How to Properly Label Your Equipment to Meet NFPA 70E.

How to Properly Label Your Equipment to Meet NFPA 70E


The National Fire Protection Association (NFPA) details how to comply with the Occupational Safety and Health Administration's (OSHA) regulation, 29 CFR 1910.333(a), through the NFPA 70E standard.

According to the NFPA 70E standard, there are six primary responsibilities that facilities must meet. These responsibilities include:

  • Training for employees
  • Written safety program in place that is actionable
  • Personal Protective Equipment (PPE) available for employees
  • Insulated tools
  • Arc flash hazard degree calculations
  • Properly labeled equipment

Arc flash labeling is the responsibility of the employer, not the manufacturer or installer of the equipment. Labeling is required for any piece of electrical equipment that may need examination, adjustment, service or maintenance while energized, creating the potential for an arc flash incident to occur.

What Equipment Requires An Arc Flash Label?

In order to comply with the label requirement of NFPA 70E, your team should understand what electrical equipment needs to be properly labeled for arc flash.

Here are a few examples of locations an arc flash label should go.


Ideal for un-terminated wires or cables needing superior abrasion and chemical resistance.

Panel Boards

Ideal for general marking of terminated or unterminated cables and wires that may be curved or become curved.

Industrial Control Panels

Ideal for terminated cables or wires that may need additional abrasion or chemical resistance.

Motor Control Centers

Ideal for getting larger amounts of data on small diameter wire and cables such as fiberoptic cables.

Production Line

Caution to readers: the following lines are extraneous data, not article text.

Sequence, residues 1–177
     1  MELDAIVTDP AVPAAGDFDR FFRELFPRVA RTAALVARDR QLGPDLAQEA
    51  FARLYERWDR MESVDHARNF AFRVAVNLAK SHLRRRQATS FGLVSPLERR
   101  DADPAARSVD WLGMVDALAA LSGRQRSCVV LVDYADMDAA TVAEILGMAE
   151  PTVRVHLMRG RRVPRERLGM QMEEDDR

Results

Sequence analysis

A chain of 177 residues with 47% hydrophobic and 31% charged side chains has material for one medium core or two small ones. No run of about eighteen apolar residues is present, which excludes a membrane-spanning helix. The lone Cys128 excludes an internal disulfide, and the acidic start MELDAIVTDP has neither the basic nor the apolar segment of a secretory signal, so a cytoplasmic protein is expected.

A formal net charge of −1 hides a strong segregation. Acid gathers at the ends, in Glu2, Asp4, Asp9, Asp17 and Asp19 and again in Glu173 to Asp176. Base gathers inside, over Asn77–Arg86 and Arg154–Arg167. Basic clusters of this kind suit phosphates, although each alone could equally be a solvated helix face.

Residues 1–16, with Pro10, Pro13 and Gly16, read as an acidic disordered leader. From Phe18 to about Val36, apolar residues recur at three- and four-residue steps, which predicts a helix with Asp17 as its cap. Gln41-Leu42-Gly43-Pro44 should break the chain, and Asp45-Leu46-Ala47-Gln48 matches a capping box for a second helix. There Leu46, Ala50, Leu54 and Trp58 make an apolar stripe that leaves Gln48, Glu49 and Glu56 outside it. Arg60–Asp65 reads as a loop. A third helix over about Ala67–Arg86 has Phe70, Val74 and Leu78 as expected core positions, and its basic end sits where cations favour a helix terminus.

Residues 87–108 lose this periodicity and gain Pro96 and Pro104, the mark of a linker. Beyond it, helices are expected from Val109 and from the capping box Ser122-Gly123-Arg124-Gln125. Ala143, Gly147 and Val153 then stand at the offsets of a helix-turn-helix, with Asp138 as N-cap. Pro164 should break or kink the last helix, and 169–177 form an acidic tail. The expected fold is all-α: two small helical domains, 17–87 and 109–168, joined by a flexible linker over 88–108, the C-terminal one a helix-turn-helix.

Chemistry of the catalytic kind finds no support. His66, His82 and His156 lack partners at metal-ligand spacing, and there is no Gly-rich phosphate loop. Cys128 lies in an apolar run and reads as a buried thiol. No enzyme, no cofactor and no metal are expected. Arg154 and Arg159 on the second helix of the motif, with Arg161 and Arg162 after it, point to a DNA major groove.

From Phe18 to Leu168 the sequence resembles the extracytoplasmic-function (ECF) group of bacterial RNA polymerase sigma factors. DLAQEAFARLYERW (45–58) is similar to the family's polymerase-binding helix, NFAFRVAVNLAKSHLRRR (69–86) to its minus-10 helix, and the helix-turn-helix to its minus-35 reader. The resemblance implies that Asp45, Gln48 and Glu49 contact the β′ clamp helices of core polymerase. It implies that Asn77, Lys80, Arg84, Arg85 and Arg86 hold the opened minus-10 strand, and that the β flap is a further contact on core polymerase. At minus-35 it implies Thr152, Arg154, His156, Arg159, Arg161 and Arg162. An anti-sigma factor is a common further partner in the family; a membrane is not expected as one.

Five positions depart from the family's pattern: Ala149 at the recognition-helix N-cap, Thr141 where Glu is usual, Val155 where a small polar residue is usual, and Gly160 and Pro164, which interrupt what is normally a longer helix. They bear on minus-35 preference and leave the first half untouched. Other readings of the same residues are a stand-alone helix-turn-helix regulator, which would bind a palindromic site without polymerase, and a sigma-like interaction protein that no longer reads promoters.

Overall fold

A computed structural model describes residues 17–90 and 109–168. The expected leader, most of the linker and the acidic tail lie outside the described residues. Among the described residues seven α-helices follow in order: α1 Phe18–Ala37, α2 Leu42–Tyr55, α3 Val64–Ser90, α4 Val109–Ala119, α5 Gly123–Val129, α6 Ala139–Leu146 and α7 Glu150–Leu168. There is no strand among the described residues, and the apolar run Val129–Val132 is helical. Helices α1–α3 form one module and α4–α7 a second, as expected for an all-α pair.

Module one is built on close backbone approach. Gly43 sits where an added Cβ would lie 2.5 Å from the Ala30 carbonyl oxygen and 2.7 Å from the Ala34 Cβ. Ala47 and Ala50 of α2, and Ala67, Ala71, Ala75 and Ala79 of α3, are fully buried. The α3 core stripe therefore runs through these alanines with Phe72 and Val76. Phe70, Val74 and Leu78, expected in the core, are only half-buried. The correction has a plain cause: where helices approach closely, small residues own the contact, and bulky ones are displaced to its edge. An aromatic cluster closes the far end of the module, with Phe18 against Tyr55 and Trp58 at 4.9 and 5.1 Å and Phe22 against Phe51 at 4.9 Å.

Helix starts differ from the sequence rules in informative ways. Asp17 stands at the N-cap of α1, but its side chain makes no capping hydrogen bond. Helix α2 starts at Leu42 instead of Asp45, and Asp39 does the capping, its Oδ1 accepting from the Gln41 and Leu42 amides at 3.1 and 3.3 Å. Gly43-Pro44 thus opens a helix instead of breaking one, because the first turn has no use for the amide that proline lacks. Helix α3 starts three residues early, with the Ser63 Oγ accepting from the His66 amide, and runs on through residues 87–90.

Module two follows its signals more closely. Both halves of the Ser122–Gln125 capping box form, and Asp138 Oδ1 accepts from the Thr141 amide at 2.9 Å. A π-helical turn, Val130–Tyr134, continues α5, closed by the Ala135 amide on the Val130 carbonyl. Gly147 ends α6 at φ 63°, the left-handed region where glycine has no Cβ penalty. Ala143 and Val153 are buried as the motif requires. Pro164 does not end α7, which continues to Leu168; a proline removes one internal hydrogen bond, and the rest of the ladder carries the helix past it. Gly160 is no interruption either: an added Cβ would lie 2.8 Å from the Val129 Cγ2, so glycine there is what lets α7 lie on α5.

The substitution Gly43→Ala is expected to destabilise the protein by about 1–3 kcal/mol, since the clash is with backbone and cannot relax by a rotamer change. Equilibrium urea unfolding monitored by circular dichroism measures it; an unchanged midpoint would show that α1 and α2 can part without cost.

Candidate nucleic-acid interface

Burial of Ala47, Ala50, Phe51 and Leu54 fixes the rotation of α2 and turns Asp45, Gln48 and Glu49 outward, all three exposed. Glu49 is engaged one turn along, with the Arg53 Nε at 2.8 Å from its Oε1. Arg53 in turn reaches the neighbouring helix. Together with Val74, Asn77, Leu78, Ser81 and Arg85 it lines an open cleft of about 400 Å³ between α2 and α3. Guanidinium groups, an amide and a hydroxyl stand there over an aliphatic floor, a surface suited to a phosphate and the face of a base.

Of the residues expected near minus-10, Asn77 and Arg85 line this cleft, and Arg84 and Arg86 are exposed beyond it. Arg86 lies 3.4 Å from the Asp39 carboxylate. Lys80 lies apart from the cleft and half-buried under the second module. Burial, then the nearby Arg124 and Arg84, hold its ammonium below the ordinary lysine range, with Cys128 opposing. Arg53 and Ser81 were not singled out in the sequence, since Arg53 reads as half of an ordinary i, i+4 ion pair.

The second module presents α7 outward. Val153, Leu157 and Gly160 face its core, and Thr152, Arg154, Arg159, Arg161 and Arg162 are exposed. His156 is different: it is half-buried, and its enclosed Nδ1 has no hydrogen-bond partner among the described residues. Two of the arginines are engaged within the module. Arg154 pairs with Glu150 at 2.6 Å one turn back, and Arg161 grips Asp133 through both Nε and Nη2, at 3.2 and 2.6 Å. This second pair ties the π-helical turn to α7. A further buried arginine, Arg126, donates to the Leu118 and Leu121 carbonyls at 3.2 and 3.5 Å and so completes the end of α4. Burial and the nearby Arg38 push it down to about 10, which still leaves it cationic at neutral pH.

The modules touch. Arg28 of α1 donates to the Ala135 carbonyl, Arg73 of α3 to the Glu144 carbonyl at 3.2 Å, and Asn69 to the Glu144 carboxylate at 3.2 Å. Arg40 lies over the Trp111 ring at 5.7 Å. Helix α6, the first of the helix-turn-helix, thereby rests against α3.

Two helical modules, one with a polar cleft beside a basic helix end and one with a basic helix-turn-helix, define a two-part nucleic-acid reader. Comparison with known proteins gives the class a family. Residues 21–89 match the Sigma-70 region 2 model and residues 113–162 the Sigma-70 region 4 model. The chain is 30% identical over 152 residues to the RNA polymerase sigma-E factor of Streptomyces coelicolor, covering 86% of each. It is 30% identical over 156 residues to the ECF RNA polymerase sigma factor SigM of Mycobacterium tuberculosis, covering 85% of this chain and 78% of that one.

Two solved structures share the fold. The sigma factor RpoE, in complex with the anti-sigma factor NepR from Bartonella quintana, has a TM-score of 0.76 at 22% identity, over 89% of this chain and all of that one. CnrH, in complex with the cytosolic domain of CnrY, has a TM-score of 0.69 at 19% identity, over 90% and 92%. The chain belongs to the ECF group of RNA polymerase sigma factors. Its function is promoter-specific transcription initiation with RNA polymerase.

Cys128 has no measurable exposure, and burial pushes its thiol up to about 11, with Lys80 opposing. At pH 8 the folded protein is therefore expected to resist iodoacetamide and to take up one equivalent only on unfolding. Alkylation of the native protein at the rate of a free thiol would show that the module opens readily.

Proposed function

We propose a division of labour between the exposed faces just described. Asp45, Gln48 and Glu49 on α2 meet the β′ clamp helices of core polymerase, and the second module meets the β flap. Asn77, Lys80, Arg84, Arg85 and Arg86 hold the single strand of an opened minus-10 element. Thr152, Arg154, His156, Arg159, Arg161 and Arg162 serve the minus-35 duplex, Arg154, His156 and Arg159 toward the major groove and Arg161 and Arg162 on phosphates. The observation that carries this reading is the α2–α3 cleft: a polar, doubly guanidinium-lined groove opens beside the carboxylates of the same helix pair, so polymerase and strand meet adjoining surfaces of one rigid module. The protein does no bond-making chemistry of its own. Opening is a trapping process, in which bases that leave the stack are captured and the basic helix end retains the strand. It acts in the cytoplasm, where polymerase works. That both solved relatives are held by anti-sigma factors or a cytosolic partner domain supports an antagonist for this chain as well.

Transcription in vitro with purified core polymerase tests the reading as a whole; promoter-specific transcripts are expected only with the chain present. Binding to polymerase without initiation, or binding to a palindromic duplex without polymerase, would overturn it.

Ideal for multi-conductor cables or bundled wires/cables.

Disconnect Switches

Ideal for multi-conductor cables or bundled wires/cables.

Seven Elements of an Arc Flash Label

Now that you’re familiar with the equipment that needs labeling, here are the elements you will need to include in your arc flash label.

1 - Danger or Warning header.
A common guideline is to use the "Danger" header when the voltage is over 600 or when the incident energy is over 40 cal/cm2. If it is less than this threshold, an orange "Warning" header is typically used.

2 - “Incident Energy at” is the corresponding working distance.
The Institute of Electrical and Electronics Engineers (IEEE) defines this as, “the dimension between the possible arc point and the head and body of the worker positioned in place to perform the assigned task.”

3 - “Min. Arc Rating” is the incident energy.
A measurement in calories/cm2 or Joules/cm2 of thermal energy at a working distance from an arc fault.

4 - Arc Flash Boundary.
This is the shortest distance at which a person working at the time of an arc-flash may receive permanent injury (the onset of a second degree burn or worse) if not properly protected by flame-resistant (FR) clothing.

5 - Personal Protective Equipment (PPE).
Each hazard risk category requires a different level of protection. Categories range from 1 to 4. Category “0” was removed in the NFPA 70E 2015 Changes.

6 - “Limited Approach” and “Restricted Approach” fields are related Shock Hazard Approach Boundaries.
These boundaries are defined in more detail in our Arc Flash Workplace Safety Guide. The “prohibited approach” boundary was removed in the 2015 NFPA 70E edition.

7 - “Shock Risk When Cover is Removed”.
The voltage of the equipment.

Previously Featured on Brady's website.

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